6720t HP 3000 customers are choosing Windows as a replacement environment when they migrate away from the 3000, and some of these migrating firms are pursuing a drastic reduction in capital costs. HP says that thin clients can offer up to 25 percent savings over desktops' capital costs and up to 80 percent in maintenance savings.

What's most interesting is that these new thin clients will not ship from HP bearing Windows Vista. Microsoft's Windows XPe is loaded onto solid-state wonders like the HP Compaq 6720t Mobile Thin Client. This is a thin client meant to be used like a laptop, but with all of its data hosted on a server instead of a local drive, HP says.

Mobilethinlaptop The newest model, one of the first three HP rolled out since it bought thin client specialist Neoware last year, looks pretty much like a laptop. What's of interest in this $725 solution is what has been excised from the traditional client concept. Weight. Storage (just a 1GB flash drive stores data locally). Oh, and power. If you choose HP's slimmest desktop (above), expect the energy consumption to go from 80 watts to 16. Even the mobile thin client laptop only draws 65 watts when it's plugged in for charging.

You can excise more than just the bloat of Vista in this thin client solution, too. Microsoft doesn't even have to be on the system, although the XP's e does stand for embedded. A new thin client from HP doesn't have to put you in bed with Microsoft at all.

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Leadership for the community

The HP 3000 community heads into its seventh year of Transition as of this month, and the customers both migrating and homesteading look toward leadership. Candidates abound for spots to direct the community, with the influence of ideas and the strength of customers — not to mention the years of dedication.

But who will stand out this year, the last one that HP claims to be fixing MPE/iX's bugs and problems? There's HP itself, with Jennie Hou speaking at for the 3000 operations. Ross McDonald is calling the shots on lab resources, however, and other HP executives in the HP Services group steer HP's 3000 future even closer – but make no appearance of leadership.

Platinum Migration partners offer a good prospect for leaders. HP began with four of these, but both of the remaining players serve both homesteading and migrating HP 3000 shops, which permits Birket Foster at MB Foster and Chris Koppe at Speedware to wield much influence among the community. Both men, incidentally, hold board of director posts — Koppe at the Encompass user group, Foster still chairman of OpenMPE.

Another leadership angle comes from the biggest customer shares among the 3000 community. Adager, Robelle and VEsoft all count their customers in the thousands, and each of these companies have offered solutions and solved problems since 1980 and even before, for Adager and Robelle. If there is to be a winking out of the light of the 3000, it's impossible to imagine these three companies not being on the scene to say goodnight to all.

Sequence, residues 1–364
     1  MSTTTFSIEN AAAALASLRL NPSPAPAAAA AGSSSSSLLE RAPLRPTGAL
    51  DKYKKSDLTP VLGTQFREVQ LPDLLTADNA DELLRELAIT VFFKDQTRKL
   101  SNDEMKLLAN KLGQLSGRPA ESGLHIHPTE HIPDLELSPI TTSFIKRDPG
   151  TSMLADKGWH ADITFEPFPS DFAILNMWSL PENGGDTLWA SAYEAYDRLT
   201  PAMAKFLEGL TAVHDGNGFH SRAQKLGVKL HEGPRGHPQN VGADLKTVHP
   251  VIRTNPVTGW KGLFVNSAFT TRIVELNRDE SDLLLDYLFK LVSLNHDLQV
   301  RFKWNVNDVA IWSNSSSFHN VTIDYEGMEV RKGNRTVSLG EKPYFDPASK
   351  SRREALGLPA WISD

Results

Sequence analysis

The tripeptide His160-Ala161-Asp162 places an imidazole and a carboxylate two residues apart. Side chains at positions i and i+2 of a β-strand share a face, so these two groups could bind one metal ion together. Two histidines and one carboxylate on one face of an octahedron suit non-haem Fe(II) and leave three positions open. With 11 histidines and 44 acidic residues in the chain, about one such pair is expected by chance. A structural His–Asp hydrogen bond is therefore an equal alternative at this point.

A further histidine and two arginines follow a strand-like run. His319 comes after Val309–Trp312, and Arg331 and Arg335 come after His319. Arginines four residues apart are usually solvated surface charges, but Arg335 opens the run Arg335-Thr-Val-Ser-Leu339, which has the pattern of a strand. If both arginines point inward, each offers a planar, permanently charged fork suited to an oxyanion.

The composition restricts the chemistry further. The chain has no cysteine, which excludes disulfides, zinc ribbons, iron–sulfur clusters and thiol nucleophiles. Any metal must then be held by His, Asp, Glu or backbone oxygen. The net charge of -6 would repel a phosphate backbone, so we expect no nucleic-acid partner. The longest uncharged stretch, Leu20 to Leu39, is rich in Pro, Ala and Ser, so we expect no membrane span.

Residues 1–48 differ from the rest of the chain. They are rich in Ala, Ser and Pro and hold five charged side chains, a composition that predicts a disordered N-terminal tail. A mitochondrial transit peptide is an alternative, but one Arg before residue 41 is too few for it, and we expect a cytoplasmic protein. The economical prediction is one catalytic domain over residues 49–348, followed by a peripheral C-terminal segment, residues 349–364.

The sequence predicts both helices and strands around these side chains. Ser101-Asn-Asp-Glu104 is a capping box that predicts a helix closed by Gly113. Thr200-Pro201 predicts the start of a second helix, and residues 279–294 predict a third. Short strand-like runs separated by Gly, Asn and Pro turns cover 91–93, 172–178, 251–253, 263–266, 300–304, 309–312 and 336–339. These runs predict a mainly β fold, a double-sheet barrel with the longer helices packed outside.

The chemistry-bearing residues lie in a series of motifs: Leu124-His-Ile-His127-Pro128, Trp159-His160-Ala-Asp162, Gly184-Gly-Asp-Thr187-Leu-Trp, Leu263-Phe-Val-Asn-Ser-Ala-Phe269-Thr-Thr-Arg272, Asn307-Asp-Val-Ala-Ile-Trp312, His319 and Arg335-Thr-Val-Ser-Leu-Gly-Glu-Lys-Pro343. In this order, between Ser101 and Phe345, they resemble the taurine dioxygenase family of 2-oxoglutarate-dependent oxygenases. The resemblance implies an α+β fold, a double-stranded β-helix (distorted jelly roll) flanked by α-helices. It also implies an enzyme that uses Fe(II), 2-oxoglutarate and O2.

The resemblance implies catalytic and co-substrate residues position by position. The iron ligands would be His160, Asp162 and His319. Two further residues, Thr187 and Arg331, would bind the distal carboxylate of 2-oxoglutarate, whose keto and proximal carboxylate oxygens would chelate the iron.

But can any user or advocacy organization really reach for leadership of the 3000 community, both staying and going? Encompass has its eyes set on the migrating customers. OpenMPE has been serving the end-game needs of homesteaders. One group has resources but seems set to lead away from 3000 futures. The other is starved for resources and stymied to unearth any resolve from HP to dictate the vendor's end-game's rules. Always, HP has said, the most vital questions on post-3000 life will be answered later, closest the time the vendor exits.

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Spring GHRUG show moves forward

Bouncing back from a delay of six months, the GHRUG user group's two-day conference is proceeding to its March 14-15 dates, including Alfredo Rego of Adager as its keynoter.

The five-track meeting promises up to 70 speaker slots, with many already filled in at the event's Web site. The University of Houston Clear Lake Campus, just south of the city and on the way to the Gulf of Mexico's inviting shores, will host the meeting.

Pre-registration is already underway for the two-day meeting that will include tracks on Homesteading and Migration education, as well as a full track on the useful and efficient HP blade server technology. A PDF form, to be returned to the user group by e-mail or postal main, gets you in for $175. A Web page not only shows who's already set to present, but invites speakers to fill in still-open slots.